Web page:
PASCAL - Pattern Analysis, Statistical Modelling and Computational Learning

A novel 9-class auditory ERP paradigm driving a predictive text entry system
J. Höhne, Martijn Schreuder, Benjamin Blankertz and Michael Tangermann
Frontiers in Neuroscience Volume 5, Number 99, 2011.


Brain–computer interfaces (BCIs) based on event related potentials (ERPs) strive for offering communication pathways which are independent of muscle activity. While most visual ERP-based BCI paradigms require good control of the user’s gaze direction, auditory BCI paradigms overcome this restriction. The present work proposes a novel approach using auditory evoked potentials for the example of a multiclass text spelling application. To control the ERP speller, BCI users focus their attention to two-dimensional auditory stimuli that vary in both, pitch (high/medium/low) and direction (left/middle/right) and that are presented via headphones. The resulting nine different control signals are exploited to drive a predictive text entry system. It enables the user to spell a letter by a single nine-class decision plus two additional decisions to confirm a spelled word. This paradigm – called PASS2D – was investigated in an online study with 12 healthy participants. Users spelled with more than 0.8 characters per minute on average (3.4 bits/min) which makes PASS2D a competitive method. It could enrich the toolbox of existing ERP paradigms for BCI end users like people with amyotrophic lateral sclerosis disease in a late stage.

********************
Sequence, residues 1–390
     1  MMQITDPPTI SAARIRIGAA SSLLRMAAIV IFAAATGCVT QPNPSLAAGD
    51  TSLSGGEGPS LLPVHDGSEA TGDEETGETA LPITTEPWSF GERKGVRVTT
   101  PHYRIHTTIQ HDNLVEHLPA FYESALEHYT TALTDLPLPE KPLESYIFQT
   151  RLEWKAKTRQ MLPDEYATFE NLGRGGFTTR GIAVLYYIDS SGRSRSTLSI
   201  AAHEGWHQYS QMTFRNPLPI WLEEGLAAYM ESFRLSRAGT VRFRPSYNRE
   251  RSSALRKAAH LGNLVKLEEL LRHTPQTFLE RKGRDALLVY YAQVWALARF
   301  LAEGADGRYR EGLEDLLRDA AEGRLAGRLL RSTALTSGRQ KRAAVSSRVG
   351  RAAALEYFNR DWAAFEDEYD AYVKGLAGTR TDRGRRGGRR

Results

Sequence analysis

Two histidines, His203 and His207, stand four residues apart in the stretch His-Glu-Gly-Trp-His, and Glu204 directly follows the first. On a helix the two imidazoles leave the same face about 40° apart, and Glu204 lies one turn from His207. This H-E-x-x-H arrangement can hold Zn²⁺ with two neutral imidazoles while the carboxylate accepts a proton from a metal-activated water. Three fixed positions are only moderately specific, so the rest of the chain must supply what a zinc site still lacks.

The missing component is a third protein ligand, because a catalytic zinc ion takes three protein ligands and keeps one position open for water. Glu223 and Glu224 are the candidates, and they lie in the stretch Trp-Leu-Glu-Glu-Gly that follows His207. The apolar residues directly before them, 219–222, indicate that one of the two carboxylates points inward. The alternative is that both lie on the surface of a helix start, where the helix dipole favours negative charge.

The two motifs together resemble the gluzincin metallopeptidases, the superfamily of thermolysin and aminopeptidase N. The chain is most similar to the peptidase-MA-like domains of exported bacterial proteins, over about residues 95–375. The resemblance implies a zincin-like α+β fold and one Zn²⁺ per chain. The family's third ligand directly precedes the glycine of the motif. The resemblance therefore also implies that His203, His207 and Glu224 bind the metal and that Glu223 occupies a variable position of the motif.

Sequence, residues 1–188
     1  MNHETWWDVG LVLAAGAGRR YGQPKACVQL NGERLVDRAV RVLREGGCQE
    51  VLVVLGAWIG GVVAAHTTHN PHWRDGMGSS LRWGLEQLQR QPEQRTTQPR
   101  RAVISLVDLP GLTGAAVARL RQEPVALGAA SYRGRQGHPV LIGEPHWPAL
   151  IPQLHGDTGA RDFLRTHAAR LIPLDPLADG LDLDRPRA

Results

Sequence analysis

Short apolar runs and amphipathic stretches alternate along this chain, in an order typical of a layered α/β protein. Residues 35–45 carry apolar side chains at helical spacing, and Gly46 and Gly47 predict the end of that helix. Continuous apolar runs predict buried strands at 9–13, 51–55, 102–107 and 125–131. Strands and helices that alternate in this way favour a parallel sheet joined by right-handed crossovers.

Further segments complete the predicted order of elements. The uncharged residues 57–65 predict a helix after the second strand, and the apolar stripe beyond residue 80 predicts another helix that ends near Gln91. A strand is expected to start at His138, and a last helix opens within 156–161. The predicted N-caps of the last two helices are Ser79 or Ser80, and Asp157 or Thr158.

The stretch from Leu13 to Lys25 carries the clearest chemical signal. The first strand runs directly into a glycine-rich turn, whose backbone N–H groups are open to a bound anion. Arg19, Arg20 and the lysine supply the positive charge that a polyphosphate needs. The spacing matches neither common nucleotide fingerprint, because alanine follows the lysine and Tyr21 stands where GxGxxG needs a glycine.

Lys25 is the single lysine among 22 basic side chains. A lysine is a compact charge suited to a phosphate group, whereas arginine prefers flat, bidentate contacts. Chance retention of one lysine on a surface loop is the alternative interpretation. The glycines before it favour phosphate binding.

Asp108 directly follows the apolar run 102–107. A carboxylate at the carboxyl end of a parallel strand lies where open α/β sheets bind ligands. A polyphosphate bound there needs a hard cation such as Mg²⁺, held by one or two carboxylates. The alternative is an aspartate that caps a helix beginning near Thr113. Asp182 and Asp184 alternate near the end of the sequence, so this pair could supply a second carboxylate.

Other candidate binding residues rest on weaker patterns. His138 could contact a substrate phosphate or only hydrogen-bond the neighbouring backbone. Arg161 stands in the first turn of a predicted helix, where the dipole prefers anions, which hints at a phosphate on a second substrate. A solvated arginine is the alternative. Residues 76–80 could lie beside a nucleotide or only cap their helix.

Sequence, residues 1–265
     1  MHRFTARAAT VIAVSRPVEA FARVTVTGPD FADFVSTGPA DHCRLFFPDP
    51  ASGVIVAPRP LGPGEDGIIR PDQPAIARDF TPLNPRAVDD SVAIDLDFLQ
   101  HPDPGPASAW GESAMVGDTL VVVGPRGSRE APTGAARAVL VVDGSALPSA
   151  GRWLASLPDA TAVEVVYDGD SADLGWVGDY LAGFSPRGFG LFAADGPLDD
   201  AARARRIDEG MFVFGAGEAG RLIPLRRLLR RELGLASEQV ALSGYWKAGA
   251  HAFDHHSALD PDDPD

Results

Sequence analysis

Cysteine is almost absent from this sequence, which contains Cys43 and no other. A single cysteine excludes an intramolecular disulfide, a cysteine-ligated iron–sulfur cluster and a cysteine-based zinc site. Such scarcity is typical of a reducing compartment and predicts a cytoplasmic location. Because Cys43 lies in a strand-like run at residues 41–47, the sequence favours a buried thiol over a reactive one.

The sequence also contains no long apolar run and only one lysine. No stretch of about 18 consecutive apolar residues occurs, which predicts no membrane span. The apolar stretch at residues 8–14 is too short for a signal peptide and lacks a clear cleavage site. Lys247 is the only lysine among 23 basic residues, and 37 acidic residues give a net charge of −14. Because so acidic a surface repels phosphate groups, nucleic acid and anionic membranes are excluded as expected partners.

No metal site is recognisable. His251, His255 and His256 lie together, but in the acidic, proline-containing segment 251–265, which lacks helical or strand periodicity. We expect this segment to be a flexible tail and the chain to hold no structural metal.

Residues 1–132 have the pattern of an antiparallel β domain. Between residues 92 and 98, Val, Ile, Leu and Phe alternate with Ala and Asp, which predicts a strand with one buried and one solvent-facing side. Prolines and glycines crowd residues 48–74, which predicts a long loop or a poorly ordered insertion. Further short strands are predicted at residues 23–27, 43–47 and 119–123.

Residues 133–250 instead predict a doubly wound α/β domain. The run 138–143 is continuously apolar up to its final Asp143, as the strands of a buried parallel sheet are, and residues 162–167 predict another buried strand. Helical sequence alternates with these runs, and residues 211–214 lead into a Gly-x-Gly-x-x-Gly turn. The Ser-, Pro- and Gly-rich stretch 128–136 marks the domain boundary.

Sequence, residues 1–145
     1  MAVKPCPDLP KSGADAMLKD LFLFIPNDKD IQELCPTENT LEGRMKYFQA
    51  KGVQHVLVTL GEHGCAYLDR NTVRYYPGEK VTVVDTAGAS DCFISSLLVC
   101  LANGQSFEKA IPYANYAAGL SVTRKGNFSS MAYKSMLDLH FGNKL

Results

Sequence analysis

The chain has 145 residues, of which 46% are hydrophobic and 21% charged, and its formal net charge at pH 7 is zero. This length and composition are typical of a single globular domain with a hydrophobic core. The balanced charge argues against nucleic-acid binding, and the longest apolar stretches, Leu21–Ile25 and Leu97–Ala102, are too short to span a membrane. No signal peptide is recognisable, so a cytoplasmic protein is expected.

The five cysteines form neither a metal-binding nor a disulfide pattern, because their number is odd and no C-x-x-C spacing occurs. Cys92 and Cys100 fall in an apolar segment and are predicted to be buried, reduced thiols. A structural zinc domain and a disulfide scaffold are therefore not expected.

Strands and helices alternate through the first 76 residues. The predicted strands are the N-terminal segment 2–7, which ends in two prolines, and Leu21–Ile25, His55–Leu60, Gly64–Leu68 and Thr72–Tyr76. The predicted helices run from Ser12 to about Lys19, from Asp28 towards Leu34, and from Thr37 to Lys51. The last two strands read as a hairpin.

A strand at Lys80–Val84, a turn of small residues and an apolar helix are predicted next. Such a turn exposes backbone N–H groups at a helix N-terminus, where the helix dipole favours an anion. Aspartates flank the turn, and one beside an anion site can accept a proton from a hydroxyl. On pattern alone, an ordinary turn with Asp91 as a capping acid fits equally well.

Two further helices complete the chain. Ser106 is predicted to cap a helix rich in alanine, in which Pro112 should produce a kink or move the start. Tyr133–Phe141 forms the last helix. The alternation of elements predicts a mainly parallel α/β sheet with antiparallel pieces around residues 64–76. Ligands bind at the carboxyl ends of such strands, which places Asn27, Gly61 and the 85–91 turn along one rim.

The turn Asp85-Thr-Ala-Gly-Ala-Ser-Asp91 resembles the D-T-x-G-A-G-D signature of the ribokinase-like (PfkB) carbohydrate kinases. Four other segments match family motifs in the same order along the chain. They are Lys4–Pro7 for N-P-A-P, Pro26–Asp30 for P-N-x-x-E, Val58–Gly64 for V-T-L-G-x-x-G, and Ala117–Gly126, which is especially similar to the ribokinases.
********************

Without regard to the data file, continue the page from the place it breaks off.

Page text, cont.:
EPrint Type:Article
Additional Information:This work is supported by the European ICT Programme Project TOBI FP7-224631.
Project Keyword:Project Keyword UNSPECIFIED
Subjects:Brain Computer Interfaces
ID Code:9377
Deposited By:Martijn Schreuder
Deposited On:16 March 2012